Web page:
(Actually, my friend Rick has an even simpler test. Just watch the seller’s face when you go to shine a light in the barrel: “If there is anything wrong you’ll see it at once BEFORE you’ll peep through the barrel; the seller gets nervous.”)
By the time you’ve checked overall condition, dry-fired, and inspected the barrel, you can fairly well judge whether you’re holding a sound firearm.
But you may want to ask the seller to disassemble and reassemble the gun for you. This not only lets you inspect its innards for signs of rust, wear, or other damage, but gives you some idea of how difficult it’ll be to clean the gun after your shooting practices.
If you have any remaining doubts, you might also ask the seller to allow you to take the firearm to a gunsmith for a more thorough check. He might let you return it in X days if it doesn’t check out.
And there you have it. You’ve just bought yourself a sidearm and a little bit of security.
But what ammo do you load it with? Oh, girl, that’s another question! We’ll get to that in Part III.
Special thanks to Rick, Chris, and Bug of TCF. And, as always, to Misfit.
So you think you want to buy from an FFL?
Buying from an FFL — a licenced gun dealer — can be a PITA.
You have to show your drivers license or other state-issued ID. You fill out an ATF Form 4473 that contains a record of the gun you’re buying (complete with serial number) and asks ridiculous things like what race you are – as if that matters. The form also asks for your social security number, but that’s optional. Don’t give it unless you just love blowing your own privacy.
The 4473 stays at the gun store until the store goes out of business – at which moment, your information goes off to the Bureau of Alcohol, Tobacco, Firearms, and Explosives, where they still pretend they’re not making a permanent registration file on you (since federal gun registration is illegal). The ATF also shows up sometimes and inspects (and even copies) 4473s in the store.
Anyway, it doesn’t much matter what happens with the 4473. Because what happens right after you fill out the form creates another government “paper trail.”
The gun dealer calls the FBI and gives them your name, sex, birthdate, state of residence, and race (there’s that racial business again!).
If you’re lucky, the FBI tells the dealer, “Proceed.” And you go home with your gun.
If you’re unlucky, the FBI says, “Denied.” And you go home empty handed (and in rare cases, go straight to jail). This is supposed to happen only if you’re a felon, a mental patient, under a restraining order, or otherwise ineligible to own firearms. But people with unpaid parking tickets, and even a man who didn’t renew the license for his (dead) dog have been denied the right to buy guns.
I am not kidding. You see why some of us avoid FFLs?
The FBI might also say, “Delay.” In which case, you come back in three days. If the FBI hasn’t given the dealer further bad news about you, you get your gun then.
When a seller hands you a gun, he’ll hand it to you with the action open. If it’s a revolver, that means that the cylinder that holds the ammo will be pivoted outward from the frame. If it’s a semi-auto, that means that the slide (the top of the gun) will be locked back.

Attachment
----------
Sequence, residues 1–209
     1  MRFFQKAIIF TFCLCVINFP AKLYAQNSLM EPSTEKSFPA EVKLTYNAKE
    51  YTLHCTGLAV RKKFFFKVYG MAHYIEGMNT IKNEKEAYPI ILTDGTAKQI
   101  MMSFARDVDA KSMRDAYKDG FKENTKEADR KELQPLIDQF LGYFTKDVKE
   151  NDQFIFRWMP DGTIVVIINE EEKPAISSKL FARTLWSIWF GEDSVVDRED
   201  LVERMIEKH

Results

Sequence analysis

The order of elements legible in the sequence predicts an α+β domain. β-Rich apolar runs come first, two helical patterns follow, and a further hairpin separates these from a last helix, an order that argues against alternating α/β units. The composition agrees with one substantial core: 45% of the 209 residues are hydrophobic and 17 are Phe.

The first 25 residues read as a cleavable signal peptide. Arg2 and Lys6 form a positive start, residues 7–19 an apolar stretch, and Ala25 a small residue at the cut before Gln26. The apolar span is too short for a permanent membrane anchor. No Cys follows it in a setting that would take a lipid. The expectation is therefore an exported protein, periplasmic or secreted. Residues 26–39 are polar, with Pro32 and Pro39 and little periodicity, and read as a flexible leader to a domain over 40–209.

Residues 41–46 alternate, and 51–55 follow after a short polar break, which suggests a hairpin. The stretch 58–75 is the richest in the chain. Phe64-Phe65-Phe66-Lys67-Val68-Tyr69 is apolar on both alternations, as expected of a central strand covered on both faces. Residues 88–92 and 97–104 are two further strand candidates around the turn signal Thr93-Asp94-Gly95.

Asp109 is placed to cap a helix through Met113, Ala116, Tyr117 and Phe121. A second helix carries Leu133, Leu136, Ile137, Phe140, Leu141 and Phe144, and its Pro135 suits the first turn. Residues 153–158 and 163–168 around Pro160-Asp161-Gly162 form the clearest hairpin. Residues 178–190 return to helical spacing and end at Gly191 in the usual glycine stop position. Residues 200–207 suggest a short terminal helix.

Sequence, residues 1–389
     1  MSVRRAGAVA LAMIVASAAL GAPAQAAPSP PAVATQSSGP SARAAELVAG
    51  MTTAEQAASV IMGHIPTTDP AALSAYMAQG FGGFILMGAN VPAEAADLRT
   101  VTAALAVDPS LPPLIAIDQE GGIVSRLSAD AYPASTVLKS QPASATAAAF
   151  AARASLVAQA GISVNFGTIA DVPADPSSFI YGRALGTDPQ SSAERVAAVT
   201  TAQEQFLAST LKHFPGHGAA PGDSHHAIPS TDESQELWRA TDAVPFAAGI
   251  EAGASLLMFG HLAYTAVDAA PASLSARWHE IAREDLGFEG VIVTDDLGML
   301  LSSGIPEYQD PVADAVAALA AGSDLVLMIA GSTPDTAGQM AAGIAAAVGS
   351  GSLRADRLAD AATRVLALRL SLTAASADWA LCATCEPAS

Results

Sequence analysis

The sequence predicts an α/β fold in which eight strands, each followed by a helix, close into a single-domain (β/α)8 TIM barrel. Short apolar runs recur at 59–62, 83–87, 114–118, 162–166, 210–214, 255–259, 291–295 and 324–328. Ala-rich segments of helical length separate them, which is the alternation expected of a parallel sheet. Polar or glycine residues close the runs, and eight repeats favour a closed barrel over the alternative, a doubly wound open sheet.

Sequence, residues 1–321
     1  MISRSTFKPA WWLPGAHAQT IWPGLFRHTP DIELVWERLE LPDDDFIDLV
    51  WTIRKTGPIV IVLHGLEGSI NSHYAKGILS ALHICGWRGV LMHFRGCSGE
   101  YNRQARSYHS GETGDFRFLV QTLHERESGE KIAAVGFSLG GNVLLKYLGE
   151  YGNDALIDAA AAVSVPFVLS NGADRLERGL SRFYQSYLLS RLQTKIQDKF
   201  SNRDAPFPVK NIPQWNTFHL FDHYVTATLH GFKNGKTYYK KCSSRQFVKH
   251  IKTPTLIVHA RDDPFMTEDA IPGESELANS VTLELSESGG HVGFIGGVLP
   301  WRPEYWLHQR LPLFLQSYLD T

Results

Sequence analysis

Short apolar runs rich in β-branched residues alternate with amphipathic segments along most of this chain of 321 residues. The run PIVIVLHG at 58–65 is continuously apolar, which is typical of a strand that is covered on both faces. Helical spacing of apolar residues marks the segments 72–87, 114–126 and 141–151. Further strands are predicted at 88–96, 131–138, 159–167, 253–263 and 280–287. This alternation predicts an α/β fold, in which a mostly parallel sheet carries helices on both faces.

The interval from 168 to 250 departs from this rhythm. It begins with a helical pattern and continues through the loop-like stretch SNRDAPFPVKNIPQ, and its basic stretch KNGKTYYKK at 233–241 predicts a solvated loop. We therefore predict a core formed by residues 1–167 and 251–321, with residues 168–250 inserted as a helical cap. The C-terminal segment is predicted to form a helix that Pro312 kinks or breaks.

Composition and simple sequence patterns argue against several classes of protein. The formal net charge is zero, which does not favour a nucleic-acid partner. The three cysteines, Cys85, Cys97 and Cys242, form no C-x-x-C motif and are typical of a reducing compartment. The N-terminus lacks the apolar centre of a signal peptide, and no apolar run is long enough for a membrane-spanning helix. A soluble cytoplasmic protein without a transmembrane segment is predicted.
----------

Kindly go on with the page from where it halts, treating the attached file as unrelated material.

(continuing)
In both cases, an open action enables you to look into the firing chamber and the ammo-carrying parts of the gun and verify for yourself that the firearm is unloaded.
Someone hands a gun to you, it’s open. You look for yourself. Every time.
Then after you’ve inspected the gun, dry-fired it, or whatever else you do with it, you re-open the action and hand the gun back.
You hand the gun back to the seller open. He looks for himself. Every time.
If you hand the firearm to your companion, you hand it with the action open. Your companion looks for himself to make sure it’s empty. Every time.
If you put the gun down on a table, you do it with the action open.Pick it up from the table, you look and make sure it’s empty. Every time.
Any time that the firearm has been out of your control, even for a moment, you check it again when you pick it up to verify its loaded or unloaded condition.
If this little dance seems ridiculous to you, bear with it. Nobody, not the biggest Macho Man in all of Gundom, scoffs at these rules if he expects others to respect him. There is no such thing as being too scrupulous about safety when handling a firearm.
If this little dance seems so ridiculous to you that you absolutely refuse to bear it, then don’t buy a gun. Don’t even borrow one. And don’t ever carry one around. Because you’re not a safe gun handler.
Same with the four rules of firearms safety listed in the main article. If someone repeats them to you at the range, or in a firearms training class, and your response is, “Yeah, yeah, get off my case,” then you’re not grown-up enough to use guns. If you’ve already heard the safety rules 100 times, then be ready to hear them for the 101st. Or the 1,001st. And really hear them, every time.
Guns are amazing, life-saving tools when you’re willing to use them properly. But one screwup could destroy your (or somebody else’s) whole life.
So observe gun-handling etiquette at all times. It’s one heck of a lot more important than using the right fork at dinner.
Next time: Ammo You Can Bet Your Life On